“When it became apparent that we were seeing more pregnant clients that were either homeless or going to be homeless, it was time to meet and address this issue,” said Besler-Tatum. “When we realized how many other citizens in the community wanted to get involved in helping with the homeless issue, we met with Bonnie and it was wonderful. Her enthusiasm and dedication when she worked with the group had me in awe.”
Besler-Tatum remains impressed with Ross’ dedication and passion that she sees month after month.
“Bonnie continues to help our clients by helping to secure donated items that are needed when our clients find housing,” she said. “She continues to donate to our largest fundraiser, our Chocolate Gala, where we hold a silent auction and raffle. This allows for us to keep our doors open and all of our services free.”
Kathryn Bluett, nurse practice manager and co-founder of Nowhere to Go, has seen the tenacity and love for others that her colleagues brings everyday. The organization, which was one of the six new programs Ross added, is a community forum that discusses how people might care for men, women and children in immediate crisis situations with nowhere to turn. She has worked with Ross for several years trying to bring a low- cost health center to the Canandaigua area, which has manifested itself in Jordan Health Center, a comprehensive personalized family organization for all individuals regardless of the ability to pay.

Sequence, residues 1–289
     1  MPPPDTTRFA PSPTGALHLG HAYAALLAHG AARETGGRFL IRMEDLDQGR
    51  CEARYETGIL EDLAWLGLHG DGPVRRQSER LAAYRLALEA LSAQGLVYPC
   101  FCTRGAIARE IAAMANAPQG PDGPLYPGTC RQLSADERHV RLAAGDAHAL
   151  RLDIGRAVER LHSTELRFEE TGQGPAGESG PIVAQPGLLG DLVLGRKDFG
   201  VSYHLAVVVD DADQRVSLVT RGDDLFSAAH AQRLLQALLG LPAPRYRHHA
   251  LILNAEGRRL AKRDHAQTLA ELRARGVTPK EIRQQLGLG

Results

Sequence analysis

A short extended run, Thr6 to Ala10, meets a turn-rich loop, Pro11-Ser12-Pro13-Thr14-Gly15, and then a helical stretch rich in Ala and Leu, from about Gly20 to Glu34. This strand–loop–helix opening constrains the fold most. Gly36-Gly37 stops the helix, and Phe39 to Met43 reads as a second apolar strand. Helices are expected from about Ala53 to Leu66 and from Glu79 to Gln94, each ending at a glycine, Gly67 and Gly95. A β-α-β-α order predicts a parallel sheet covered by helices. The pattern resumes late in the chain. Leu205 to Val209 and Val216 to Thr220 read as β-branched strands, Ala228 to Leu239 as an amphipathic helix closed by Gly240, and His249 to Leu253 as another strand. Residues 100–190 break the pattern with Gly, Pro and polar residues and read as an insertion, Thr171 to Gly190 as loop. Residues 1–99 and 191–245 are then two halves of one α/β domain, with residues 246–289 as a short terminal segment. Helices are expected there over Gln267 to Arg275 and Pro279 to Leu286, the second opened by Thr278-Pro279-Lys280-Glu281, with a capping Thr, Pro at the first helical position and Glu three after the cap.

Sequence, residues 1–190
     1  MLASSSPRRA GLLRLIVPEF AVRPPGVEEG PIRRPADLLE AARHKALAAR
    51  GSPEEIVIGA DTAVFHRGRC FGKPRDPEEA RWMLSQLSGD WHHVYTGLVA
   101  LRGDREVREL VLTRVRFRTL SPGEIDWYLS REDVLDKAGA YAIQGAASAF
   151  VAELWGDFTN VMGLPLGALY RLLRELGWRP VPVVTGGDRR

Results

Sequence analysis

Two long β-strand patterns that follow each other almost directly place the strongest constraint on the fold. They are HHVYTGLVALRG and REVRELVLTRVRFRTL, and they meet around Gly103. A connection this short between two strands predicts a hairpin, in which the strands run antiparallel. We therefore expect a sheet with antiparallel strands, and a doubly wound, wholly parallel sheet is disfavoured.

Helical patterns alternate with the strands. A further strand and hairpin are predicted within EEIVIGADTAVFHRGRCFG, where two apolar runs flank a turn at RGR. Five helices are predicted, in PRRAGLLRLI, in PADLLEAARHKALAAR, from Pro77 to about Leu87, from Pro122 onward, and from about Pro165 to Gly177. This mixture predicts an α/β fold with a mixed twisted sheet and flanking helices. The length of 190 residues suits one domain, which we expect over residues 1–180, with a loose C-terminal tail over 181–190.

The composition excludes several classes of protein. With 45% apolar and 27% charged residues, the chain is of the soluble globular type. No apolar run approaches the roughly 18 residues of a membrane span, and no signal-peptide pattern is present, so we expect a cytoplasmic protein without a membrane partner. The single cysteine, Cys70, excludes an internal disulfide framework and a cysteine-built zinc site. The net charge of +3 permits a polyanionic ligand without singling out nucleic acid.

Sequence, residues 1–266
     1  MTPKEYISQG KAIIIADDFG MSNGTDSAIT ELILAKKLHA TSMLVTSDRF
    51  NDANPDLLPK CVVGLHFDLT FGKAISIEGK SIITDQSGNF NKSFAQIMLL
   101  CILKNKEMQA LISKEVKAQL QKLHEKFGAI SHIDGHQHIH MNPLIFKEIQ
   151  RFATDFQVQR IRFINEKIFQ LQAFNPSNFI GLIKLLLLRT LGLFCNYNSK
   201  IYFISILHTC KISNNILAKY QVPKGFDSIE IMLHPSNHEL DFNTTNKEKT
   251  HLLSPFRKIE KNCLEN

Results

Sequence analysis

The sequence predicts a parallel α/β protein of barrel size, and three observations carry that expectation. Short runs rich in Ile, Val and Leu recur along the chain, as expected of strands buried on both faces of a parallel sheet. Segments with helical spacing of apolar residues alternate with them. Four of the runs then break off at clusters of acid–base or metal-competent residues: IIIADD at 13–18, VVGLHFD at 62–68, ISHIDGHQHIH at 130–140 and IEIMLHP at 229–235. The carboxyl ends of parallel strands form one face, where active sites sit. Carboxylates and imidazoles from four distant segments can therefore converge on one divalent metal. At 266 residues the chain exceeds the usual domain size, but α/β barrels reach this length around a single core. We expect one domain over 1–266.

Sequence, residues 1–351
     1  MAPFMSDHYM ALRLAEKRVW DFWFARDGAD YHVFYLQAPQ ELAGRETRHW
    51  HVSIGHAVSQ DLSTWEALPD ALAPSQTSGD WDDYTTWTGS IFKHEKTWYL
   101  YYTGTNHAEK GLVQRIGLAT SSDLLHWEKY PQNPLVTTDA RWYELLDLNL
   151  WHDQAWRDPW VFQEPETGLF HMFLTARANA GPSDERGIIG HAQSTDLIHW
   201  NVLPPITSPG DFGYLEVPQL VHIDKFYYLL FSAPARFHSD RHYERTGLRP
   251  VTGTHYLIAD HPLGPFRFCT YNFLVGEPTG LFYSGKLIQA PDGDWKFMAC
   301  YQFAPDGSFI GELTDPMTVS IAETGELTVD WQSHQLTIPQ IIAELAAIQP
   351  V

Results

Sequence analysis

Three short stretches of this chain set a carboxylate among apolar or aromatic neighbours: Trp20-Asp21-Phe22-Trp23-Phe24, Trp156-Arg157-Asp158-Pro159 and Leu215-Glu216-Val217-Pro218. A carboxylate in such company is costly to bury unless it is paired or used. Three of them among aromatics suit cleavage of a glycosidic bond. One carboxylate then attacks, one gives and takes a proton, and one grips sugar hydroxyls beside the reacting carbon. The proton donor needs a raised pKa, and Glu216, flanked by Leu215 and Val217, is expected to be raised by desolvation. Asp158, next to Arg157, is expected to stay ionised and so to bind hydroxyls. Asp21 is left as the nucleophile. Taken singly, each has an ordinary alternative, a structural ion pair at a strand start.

“Bonnie is a consummate professional who strives to understand the mission and vision behind the task before she begins to develop a plan for direction,” said Bluett. “Since the start of Nowhere to Go campaign, we have been able to educate the community on homelessness, collaborate with various nonprofit agencies and that is something we would have never be able to do if not for Bonnie.”
Ross credits her success for having the proper work-life balance. She makes sure not to let life take her away from the many aspects worth enjoying.
A native of Vermont, Ross and her husband, Gary, operated a bed and breakfast in Canandaigua for the past 13 years. The Victorian Bed & Breakfast located in the Finger Lakes Region of Central New York, offered guests a quiet and solitude escape. “It was a wonderful experience that we had but we sold it,” she said. During her spare time, she enjoys researching her family genealogy and has found and connected with cousins all over the country.